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Rainstorms Deluged and Decided the Belgium F1 Grand Prix

Did you know that in the whole 71 year history of Formula 1 there has never been a race “washed-out” without a result. Not a single race with or without rainstorms has ended undecided. There have been races abandoned mid-race when storms have hit, of course. Though, while this time in Belgium the race ended prematurely (in fact hardly did much more than start), the leading cars made podium and scored points. 

So are points awarded no matter what? No – according to the rules, two laps must be completed for a race to have officially started. But in dreadful weather you could be following the safety car for a few laps before being let loose to race properly. This is exactly what happened in Belgium this weekend. 

Both Charles Leclerc and Carlos Sainz had a frustrating time both in Free Practice on Friday and Qualifying on Saturday. They just couldn’t understand why they were not able to squeeze more pace out of their machines. To make things worse, Leclerc lost control of his SF21 and skidded into the Malmedy barriers with 20 minutes to go in FP2. Not a great day for him, after finishing fourth in FP1, the Ferrari driver then dropped to 18th in FP2. 

The disappointment continued into qualifying on Saturday. Both Scuderia Ferrari drivers failed to make the cut of out of Q2. But in similar wet conditions in Imola, Italy, Charles had had a good run and finished fourth. Go figure – no easy explanation for the Ferraris’ performance in Belgium. 

The race

The final race order was declared as Verstappen, Russell, Hamilton, Ricciardo, Vettel, Gasly, Ocon (who inherited the position Perez gave up), Leclerc, Latifi and Sainz.

The start was delayed by a good thirty minutes before two aborted tries were made to begin the race – with a gap of nearly three hours between them. But conditions were considered far too dangerous when the race eventually got underway and the red flag was flown after two only and a half laps behind the lead safety escort car.

The cars were still in their “qualifying” order following the safety car for eight minutes in the driving rain before the race was called off. 

Charles Leclerc did receive points for 8th place and Sainz for 10th, having each improved one place from their starting positions on the grid where Charles was ninth and Carlos eleventh. Every point counts so the Ferrari team achieved something important. 

But Charles wanted far better with memories of the 2019 season when he took his first career win in Belgium. Bad memories linger too – in 2019 his racing friend Anthoine Hubert ended up a fatality.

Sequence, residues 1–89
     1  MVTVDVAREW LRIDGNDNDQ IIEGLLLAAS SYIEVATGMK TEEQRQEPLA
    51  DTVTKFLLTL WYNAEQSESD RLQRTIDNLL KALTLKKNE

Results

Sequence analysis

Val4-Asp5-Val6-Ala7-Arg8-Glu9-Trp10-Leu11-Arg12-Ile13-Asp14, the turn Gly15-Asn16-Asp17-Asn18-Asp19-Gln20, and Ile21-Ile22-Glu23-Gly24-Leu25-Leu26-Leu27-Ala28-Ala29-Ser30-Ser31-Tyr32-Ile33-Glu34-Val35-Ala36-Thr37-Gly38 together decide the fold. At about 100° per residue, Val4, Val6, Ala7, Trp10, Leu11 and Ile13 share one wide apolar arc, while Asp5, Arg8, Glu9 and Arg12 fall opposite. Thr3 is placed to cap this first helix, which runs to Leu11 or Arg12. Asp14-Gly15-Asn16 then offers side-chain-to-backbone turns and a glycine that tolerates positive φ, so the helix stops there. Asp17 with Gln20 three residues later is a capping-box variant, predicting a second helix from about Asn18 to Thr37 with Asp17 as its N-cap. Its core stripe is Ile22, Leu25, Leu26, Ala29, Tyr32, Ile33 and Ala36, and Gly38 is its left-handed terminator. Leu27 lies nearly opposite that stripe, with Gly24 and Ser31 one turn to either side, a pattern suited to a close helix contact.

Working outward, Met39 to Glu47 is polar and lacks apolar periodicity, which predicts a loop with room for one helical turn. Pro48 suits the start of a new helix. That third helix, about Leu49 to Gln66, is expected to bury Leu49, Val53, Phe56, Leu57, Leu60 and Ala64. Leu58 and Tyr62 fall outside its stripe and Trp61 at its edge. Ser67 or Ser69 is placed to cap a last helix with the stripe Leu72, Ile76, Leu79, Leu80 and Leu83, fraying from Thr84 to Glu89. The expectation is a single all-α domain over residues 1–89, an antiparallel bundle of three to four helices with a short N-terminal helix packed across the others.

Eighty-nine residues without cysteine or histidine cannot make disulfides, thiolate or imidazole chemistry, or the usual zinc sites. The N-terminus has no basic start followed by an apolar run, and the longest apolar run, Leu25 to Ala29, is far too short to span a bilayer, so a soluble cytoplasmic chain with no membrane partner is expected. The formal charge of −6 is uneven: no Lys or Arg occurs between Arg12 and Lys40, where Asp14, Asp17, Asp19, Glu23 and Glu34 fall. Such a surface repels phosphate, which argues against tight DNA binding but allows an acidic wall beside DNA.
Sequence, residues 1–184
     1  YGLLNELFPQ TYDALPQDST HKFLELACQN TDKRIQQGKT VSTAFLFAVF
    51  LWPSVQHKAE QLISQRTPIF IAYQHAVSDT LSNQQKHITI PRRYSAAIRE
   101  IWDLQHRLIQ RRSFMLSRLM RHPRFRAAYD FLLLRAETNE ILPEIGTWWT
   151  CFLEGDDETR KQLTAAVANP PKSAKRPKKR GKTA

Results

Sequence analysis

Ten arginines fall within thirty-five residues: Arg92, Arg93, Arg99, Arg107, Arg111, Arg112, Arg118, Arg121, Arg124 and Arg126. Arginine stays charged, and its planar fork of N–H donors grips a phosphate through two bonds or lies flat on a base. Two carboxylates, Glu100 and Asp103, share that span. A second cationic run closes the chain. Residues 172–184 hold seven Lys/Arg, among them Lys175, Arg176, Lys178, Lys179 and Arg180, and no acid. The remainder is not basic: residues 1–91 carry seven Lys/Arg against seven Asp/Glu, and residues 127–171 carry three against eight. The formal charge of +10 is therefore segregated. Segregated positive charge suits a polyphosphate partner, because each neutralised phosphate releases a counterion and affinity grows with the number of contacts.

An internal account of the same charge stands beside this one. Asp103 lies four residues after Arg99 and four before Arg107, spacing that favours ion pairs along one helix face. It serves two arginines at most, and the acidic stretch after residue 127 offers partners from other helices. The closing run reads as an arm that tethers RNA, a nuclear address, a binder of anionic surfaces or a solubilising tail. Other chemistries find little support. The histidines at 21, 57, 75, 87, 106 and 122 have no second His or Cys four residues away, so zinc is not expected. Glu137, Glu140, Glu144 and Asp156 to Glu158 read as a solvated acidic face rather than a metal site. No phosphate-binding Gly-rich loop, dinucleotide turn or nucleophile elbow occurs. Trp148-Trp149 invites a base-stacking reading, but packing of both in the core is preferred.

Never had results from qualifying been so important. Because the minimum two laps had been completed, race results were declared pretty much mirroring the qualifying order at the start of the race. Half points only were awarded as 75% of the race distance wasn’t achieved; that’s the first time that’s happened since Malaysia 2009.

The podium

So Verstappen who won qualifying was awarded first place in the race and Hamilton third. This sets up an even tighter fight between Verstappen and Hamilton with Hamilton now leading the Driver’s championship by only 3 points. 

Not everyone ended the day as happy as Verstappen. The 75,000 fans (half the full capacity) who braved the cold, wind and rain to attend were robbed by the weather. Will they get their money back? It seems not. They would if Hamilton had his way – but officially there has been a race, so without special dispensation, they have spent money on tickets to see almost nothing.

The harshest words about the race included the description “farce” even though Verstappen and Red Bull are smiling as is George Russell, second for Williams, who gleaned an exceptional qualifying result – second, deemed one of the best qualifying drives ever. So he too will get points and deservedly second place on the podium; not bad for someone who has never been on the podium before. 

The rain-god decided the race in the end after several failed attempts to begin the race. 

After the washout at Spa in Belgium, the Dutch Grand Prix follows next weekend, with the historic Zandvoort track returning to the calendar for the first time since 1985.

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